One of Lake Haus’ units at Summit Cove was listed at $469,000 and closed on Friday, March 26, 2022. The unit’s final sale price was $539,780.
Brian Carisch/Courtesy Photo

Earlier this month, the Federal Reserve announced a quarter point interest rate increase in order to combat the highest rate of inflation observed since the 1970s.

The move is intended to balance the economy, and as the Fed implements measures like this, some Summit County realtors are bracing for the effects these hikes will have on the real estate market.

Most agree: the types of buyers who will feel the effects of this interest rate hike first are likely to be first-time homebuyers and local buyers.



Frisco-based real estate agent Jeannette Thompson, Gongloff Group, said last year was the company’s best year for sales, and she can’t imagine it was any different for most businesses. Sure enough, Coldwell Banker Mountain Properties agent Annie Markuson and Omni realtor Philip Mervis said the same thing.

Last year was a banner year for the real estate industry. While all of these agents said year-over-year sales growth would likely slow, they didn’t necessarily think the new interest rates would stop second-home owners from buying properties in the county. Summit – at least not right away.



“I feel like there will still be growth in home values, and there are still a lot of eager buyers – a small handful who are local – who still haven’t found their loved ones’ homes. dreams,” Markuson said.

Mervis said it’s hard to predict what will come from the additional interest rates. He said the industry was currently in “uncharted waters” given foreign conflicts overseas and communities were still recovering from the pandemic. Despite the uncertainty, he guessed that second home owners and investors, who can afford a “healthy down payment,” may be less affected by these rate increases than the local population of Summit County.

“With the confluence of potentially higher property taxes – house prices are still likely to rise, even if that percentage is lower this year – and then higher monthly mortgage payments due to the rise interest rates, it all points to higher costs for the local buyer,” Mervis said. “However, I don’t think we’ve seen the same rate of growth in local incomes that people are getting from local employment. They certainly do not correspond to the increases.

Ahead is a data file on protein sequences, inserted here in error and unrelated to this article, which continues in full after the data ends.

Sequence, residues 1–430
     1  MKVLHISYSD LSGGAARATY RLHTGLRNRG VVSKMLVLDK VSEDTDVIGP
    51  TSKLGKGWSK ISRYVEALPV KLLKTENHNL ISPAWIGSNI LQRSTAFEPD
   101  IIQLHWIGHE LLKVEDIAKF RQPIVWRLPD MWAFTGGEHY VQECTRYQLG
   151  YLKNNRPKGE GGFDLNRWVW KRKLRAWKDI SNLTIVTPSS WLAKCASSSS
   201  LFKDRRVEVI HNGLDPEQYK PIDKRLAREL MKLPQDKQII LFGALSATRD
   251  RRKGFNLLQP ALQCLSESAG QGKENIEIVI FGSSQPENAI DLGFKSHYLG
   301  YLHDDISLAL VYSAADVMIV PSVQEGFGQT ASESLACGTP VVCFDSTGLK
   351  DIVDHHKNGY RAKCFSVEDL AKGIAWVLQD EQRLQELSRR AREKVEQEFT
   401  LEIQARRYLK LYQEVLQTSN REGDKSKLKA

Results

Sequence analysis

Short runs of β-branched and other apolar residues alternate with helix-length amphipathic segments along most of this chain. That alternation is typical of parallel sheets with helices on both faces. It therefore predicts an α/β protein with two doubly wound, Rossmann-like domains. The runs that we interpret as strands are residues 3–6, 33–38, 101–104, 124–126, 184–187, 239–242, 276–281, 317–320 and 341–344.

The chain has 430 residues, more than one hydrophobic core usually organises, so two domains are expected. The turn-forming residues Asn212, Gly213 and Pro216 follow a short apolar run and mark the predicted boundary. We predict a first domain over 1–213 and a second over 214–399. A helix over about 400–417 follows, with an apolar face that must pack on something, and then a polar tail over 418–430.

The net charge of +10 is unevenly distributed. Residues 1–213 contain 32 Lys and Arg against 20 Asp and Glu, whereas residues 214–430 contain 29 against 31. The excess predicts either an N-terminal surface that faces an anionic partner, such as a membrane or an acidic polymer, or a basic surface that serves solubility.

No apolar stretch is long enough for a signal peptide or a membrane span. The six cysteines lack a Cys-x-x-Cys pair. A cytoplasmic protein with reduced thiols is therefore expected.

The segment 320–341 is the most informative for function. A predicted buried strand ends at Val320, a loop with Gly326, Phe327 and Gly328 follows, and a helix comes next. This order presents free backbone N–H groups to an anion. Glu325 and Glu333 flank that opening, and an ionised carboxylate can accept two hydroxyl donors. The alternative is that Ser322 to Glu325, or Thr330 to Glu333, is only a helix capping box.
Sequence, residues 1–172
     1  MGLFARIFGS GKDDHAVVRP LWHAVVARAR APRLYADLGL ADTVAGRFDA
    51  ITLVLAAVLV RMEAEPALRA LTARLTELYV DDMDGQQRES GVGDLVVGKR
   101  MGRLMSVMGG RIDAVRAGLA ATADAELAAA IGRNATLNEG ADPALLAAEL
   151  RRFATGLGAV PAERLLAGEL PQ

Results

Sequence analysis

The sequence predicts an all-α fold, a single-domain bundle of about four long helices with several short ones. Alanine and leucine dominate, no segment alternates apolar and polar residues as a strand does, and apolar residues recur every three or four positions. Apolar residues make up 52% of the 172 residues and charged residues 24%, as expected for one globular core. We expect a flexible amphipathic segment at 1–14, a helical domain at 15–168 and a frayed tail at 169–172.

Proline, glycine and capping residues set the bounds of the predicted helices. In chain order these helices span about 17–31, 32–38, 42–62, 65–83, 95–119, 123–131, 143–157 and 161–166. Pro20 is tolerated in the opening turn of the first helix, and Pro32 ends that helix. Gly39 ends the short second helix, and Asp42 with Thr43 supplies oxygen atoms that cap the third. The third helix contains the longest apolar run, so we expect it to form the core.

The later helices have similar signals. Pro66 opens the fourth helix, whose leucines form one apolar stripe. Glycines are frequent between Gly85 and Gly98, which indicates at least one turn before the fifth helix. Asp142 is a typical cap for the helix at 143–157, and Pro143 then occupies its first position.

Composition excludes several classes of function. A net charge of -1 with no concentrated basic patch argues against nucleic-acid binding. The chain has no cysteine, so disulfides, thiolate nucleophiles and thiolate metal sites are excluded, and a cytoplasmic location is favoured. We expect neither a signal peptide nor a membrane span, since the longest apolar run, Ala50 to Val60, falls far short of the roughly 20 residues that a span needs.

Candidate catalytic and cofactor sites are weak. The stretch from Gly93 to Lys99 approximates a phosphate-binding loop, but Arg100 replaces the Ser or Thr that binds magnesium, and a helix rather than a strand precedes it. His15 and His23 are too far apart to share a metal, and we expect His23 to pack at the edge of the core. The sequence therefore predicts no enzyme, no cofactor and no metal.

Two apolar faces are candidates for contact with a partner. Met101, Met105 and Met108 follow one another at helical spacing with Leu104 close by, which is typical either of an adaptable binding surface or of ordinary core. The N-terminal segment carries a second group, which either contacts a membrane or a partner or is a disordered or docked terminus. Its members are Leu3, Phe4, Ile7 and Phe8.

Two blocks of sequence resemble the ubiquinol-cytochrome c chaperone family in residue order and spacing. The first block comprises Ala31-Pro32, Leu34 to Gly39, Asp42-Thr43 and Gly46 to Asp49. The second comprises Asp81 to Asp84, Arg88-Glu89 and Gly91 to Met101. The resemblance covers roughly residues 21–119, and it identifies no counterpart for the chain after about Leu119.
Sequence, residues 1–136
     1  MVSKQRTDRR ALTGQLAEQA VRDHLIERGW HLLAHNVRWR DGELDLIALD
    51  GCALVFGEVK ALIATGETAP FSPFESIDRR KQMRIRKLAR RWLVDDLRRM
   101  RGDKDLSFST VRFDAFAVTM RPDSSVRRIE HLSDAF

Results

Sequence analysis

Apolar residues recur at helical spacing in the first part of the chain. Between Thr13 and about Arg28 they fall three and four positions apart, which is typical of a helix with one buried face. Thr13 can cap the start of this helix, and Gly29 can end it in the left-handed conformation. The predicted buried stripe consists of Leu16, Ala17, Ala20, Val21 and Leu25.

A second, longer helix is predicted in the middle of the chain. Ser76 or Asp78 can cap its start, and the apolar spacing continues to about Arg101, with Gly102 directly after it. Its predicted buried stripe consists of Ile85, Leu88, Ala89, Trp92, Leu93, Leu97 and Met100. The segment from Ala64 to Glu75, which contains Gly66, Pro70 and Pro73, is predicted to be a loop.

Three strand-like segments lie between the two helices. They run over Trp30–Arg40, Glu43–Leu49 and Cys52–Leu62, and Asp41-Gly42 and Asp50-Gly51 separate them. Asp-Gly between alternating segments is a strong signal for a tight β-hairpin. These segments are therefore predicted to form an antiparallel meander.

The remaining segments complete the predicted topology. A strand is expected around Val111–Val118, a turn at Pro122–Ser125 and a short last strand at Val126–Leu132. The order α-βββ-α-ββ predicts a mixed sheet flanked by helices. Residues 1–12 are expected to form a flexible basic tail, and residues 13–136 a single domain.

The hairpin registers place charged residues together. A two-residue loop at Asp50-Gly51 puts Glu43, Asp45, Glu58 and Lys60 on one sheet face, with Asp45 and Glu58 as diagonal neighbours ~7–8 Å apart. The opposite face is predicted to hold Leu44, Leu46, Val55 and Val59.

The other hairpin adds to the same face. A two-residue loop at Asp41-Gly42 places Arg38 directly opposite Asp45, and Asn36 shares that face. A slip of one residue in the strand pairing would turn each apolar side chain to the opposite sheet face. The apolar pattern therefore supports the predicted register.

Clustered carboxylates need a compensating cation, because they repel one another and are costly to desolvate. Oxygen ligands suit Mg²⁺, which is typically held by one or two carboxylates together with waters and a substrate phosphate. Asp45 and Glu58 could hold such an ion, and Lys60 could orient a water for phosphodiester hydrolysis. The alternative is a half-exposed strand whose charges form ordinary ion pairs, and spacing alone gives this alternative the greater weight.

Markuson is also concerned about the impact of these hikes on local people. She noted that Summit County isn’t always an easy community to live in long-term, and housing has long been a struggle, especially in the past year. She said these rate increases would not make things any easier.

“We really have to keep our local workforce in mind because without local workforce we don’t have a community,” Markuson said.

Thompson noted that while local buyers will be immediately affected, these types of buyers still represent a smaller portion of the overall buyer pool. A large majority of Summit County real estate is purchased by second home owners or investors.

Thompson said these interest rate increases take effect during the county’s transition season, and that time of year is usually when sales start to slow. It’s at the end of May that they start picking up again, and that’s when Thompson said buyers looking to buy a second home might pause or think twice about whether they whether or not they want to pay more for a property. Thompson estimated that about 40% of sales in the county are paid for in cash, with the remaining 60% purchased using some type of loan.

“Right now – just because it’s changed, in transition – any kind of shock causes our second home owners to start thinking, asking, ‘What are we going to do,'” she said. declared.

Even so, Thompson said some would choose not to buy in the county. When that happens, Thompson guessed those looking to buy in the county will have the luxury of taking their time and weighing their options – something that wasn’t always available to buyers during the hot market of the year. last.

In general, she says, those with money to buy a home won’t be too affected by these hikes.

“The reality is – and I always say this and it doesn’t sound right – but people who have money have money,” she said. “They did it during the recession of 2008, they still had it, they still bought it, they still paid tons of money to come here and ski, and then they went home. It’s hard to say when they’ll snap and say it’s not a good investment.

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